Our industry has evolved since back then — when hummus was an exotic food — as we constantly progress new ways to remain viable while more safe, sanitary and humane. I champion all that. Yet, profitability remains an oft-elusive state in the biz, our precarious profit margin an occupational hazard, our failure rate well chronicled. Well beyond staff dusters, we have always been an industrious lot. We represent some of society’s most creative (or desperate!) minds, finding angles while creating trends. How else do you think kale becomes an iconic vegetable and “industrial chic” becomes a ubiquitous design — with all the sex appeal of iron piping and reclaimed barnwood! We. Are. Good.
In steakhouses, side dishes are priced high to compensate for the margin sacrificed by the ever-increasing cost of beef and seafood. And when is “salad included” anymore? (We miss you, Hilltop!) I remember when this was the role of draft beer before it morphed to craft beer, now multiple times the cost per keg. I am sure brewers face many of our same challenges. As luxuries like free bread and linens become less common, protein portions shrink, masked in rice bowls, pasta and burritos. Styrofoam, wings, plastic, steak tips, pesticides, farmed fish, hormone produced “jumbo” chicken breasts and factory farming, smaller glasses, short ribs, repurposed … and kale: a brief history of remaining viable.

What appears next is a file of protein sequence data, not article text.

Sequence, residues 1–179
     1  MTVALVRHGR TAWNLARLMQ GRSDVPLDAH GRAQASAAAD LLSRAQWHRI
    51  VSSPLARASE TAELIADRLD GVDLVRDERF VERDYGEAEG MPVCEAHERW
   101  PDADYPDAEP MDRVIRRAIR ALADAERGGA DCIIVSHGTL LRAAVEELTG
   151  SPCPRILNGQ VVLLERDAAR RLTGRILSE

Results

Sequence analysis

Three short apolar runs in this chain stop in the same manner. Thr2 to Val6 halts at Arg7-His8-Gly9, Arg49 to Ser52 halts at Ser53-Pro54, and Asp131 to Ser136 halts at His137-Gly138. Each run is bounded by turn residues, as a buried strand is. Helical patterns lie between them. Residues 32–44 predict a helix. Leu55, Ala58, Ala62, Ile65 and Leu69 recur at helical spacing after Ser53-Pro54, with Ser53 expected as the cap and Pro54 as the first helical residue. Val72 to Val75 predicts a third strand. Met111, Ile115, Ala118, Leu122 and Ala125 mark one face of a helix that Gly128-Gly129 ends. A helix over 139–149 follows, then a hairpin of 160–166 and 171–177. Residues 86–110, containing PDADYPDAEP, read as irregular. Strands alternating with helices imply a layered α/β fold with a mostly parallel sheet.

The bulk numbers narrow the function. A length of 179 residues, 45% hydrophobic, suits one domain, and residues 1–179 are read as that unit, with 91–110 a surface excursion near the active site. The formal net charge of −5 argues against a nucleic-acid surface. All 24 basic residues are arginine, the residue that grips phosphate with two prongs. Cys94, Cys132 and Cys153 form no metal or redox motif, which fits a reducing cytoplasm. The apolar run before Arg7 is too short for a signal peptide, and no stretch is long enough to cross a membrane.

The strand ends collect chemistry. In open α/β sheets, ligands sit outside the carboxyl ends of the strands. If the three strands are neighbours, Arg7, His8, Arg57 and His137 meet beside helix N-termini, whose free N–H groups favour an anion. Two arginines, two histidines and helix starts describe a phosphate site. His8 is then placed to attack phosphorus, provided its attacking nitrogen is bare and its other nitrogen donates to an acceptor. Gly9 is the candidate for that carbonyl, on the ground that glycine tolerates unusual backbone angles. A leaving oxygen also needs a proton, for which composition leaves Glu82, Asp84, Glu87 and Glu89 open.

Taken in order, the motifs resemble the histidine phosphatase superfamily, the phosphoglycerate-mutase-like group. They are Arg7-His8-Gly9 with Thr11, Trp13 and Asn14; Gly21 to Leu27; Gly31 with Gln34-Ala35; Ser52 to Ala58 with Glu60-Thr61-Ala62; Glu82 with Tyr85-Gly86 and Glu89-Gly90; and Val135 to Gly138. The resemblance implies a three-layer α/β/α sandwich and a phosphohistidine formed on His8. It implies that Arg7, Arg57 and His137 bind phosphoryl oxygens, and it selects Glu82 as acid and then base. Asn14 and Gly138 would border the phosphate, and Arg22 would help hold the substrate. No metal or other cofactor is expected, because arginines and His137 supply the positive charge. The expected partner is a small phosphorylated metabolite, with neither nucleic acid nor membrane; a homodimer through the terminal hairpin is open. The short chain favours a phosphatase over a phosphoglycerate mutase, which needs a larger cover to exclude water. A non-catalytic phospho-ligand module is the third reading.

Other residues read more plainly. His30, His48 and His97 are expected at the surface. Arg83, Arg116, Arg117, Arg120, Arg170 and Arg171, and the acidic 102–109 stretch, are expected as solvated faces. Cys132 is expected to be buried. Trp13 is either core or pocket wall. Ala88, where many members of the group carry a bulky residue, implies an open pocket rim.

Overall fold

We find a way.
But it feels now, according to an industry leader I know, “like we have four fingers in the dike.” Legislatively, we are eliminating creativity, soul and “from-the-ground-up” opportunity from our environment. And when a burger and a beer are ultimately forced to exceed $20, even in places where aioli is still called mayonnaise, we will all lose guests. When I asked Mr. Luz how we will respond as an industry, his answer was predictable: “Ongoing and proactively.” It’s what we do. I only fear that we are running out of fingers!
How does a romantic dinner buffet at your local supermarket sound? I hear you can even order a glass of wine these days. Maybe I’ll see you there.
“(Big sigh.) I hear that cheap wine is good for my sciatica …”
Seriously… What collective level of aspiration is inspired by promoting a 40 hour work week!
Scott Plath, along with his wife Kathleen, owns Cobblestones of Lowell and moonstones, in Chelmsford, Mass. Scott possesses a deep well of humorous and insightful stories, which can be found here on our website.